For the past two weeks, there has been a campaign waged primarily on social media by a group of young Nigerians for more youth inclusion in our politics and governance. The campaign, tagged #3oPercentOrNothing, is demanding that 30% of appointments and elective positions be reserved for young Nigerians under the age of 40. It also has auxiliary demands that minimum age requirements for elective positions be abolished – in other words, once you are of voting age, you should be able to run for any elective office. Currently, one cannot run for the House of Representatives and state houses of assembly until he or she is 30 years old, 35 years old for the Senate and governorship and 40 years for the president.
There is also the demand that political parties waive nomination fees for their members under the age of 40 intending to run for office. They believe that the fees are a stumbling block to young people running for office (for example, the ruling PDP collects N10m from members that want to fly its flag in governorship elections). They have argued that this is one of the main reasons why elective offices are available to only moneybags or those backed by wealthy godfathers.
This campaign has had a very mixed reception from the very young people it is said to help gain inclusion into our politics. While a lot of people support eliminating minimum age requirements for elective positions and many are for political parties reducing or waiving the nomination fees for young aspirants, the main message of receiving 30% of appointments and offices for young people has met stiff opposition.
Let me explain my own position on the demands:
I have always found it absurd the minimum age requirements for elective positions. There is no proof that one is a better at governance as he gets older. We have had young people in governance who distinguished themselves and older people who were colossal disasters. We also cannot on one hand say an 18-year old is smart and mature enough to make excellent choices in voting public office holders but has to wait for another 12 years before he can make laws for his state or country. Thankfully, this is a sentiment that is equally shared by President Goodluck Jonathan, which means with some push, we will see this absurdity removed from our laws.
On the issue of waiving nomination fees, I do not think it is a stumbling block to only young people. There are equally many 50-year olds that cannot afford even a million naira to buy nomination forms to run for any office. While a few people have argued that it is a means by which political parties raise finances, I think it actually is a stumbling block to many people from running for elections in these parties. However, this is something that should be pushed from within political parties to reduce or waive these fees.
Another way to go around this issue is to push for the introduction of independent candidacy into the Nigerian political system. An independent candidate would not have to bother with paying any sort of nomination fees to a party. Thankfully, both the House of Representatives and the just-concluded National Conference is in support of independent candidacy. It is now up to the Electoral Act to specify the conditions for one to qualify as an independent candidate.
Now, as for the main demand of reserving 30% of appointments and offices for youths, in the nicest of words, it is a cockamamie idea.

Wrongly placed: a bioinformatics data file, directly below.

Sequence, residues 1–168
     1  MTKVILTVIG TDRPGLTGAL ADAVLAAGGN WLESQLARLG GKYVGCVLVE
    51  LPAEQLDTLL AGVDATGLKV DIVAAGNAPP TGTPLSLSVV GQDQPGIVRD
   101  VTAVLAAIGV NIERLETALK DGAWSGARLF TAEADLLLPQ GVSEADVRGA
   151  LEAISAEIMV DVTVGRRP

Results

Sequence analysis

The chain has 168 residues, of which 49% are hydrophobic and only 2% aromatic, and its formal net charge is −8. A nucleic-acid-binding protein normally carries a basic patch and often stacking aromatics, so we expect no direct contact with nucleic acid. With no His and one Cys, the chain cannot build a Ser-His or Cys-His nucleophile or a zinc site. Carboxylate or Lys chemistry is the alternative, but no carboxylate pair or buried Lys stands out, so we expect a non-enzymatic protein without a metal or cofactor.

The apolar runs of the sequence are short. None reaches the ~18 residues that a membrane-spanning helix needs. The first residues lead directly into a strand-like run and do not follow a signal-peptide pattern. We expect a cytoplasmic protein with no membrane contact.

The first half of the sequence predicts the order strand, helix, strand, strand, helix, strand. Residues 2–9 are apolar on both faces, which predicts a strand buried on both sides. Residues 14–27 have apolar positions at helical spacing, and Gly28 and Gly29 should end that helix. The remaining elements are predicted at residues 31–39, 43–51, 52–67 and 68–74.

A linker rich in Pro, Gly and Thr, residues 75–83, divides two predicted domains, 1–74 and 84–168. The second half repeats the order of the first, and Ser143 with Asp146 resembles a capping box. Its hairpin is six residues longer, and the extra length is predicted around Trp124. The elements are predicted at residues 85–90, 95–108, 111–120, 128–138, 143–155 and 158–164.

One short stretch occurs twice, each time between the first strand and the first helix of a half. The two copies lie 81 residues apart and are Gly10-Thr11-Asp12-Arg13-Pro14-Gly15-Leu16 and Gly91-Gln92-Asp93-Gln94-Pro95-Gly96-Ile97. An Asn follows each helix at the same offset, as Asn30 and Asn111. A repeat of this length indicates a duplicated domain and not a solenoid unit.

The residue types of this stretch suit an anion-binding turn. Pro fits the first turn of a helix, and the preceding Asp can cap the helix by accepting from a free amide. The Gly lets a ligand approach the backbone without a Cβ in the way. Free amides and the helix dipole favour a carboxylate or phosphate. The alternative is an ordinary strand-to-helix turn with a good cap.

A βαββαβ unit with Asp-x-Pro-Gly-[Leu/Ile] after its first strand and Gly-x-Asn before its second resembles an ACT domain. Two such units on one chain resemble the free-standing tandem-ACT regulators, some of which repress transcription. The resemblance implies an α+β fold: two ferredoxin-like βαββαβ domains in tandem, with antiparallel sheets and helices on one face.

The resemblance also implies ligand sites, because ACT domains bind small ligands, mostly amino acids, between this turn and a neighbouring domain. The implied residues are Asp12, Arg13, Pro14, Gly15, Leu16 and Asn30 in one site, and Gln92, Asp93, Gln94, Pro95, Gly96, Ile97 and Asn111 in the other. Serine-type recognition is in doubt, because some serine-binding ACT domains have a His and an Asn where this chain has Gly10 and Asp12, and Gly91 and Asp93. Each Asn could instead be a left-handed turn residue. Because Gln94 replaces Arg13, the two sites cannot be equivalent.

First, I dislike quota systems in every way. They do not allow us put our best foot forward and we end up sacrificing merit for convenience or “inclusion”.
Secondly, what do we define as youths? The United Nations and the African Union, for example, define youths as those between the ages of 18 and 35 and this is what is used by many youth organizations. These campaigners have chosen their age limit as 40. Curiously enough, our two main political parties seem to have a much higher age limit in their definition of youths judging by the fact that they have both had or have youth leaders much above 40 (the PDP had most recent youth leader was 60 years old, the APC’s current youth leader’s age is given between 45 and 53).
The danger with this is that we will suddenly have many old people claiming youths so as to benefit from this.
If we want to get more young people into government, let us start by encouraging them to participate in politics and to run for offices on the merit of their qualification and not just because they are young.
Let us encourage them to not be satisfied with being errand boys in their political parties but that their voices are prominent. For example, let us look at how Julius Malema at the age of 27 was a very influential leader in South African’s African National Congress while running its youth wing, has broken off to form his own party and today sits in the country’s parliament.
Let us encourage them to excel in their professional endeavors so that their brilliance cannot be denied and the chances of being appointed increases.
But let us not take this lazy route of asking for a quota of position and elective offices, where merit will be sacrificed and age becomes the main criteria.
Young Nigerians, we are better than this.
iWrite Pieces are opinions of the writer. They are views held by the writer and do not always represent the views of Yada Magazine
This article was written by Yada Magazine Contributor, Mark Amaza. He is a Passionate Nigerian; Chief Thinker/CEO of MINDcapital, a strategy, innovation and branding consulting firm by day; coordinator of NIGERIA:UNITED, a youth-based movement working to foster national unity despite our religious, regional and ethnic differences. He blogs at http://markamaza.com. Follow him on Twitter @amasonic
Image from http://www.30percentornothing.com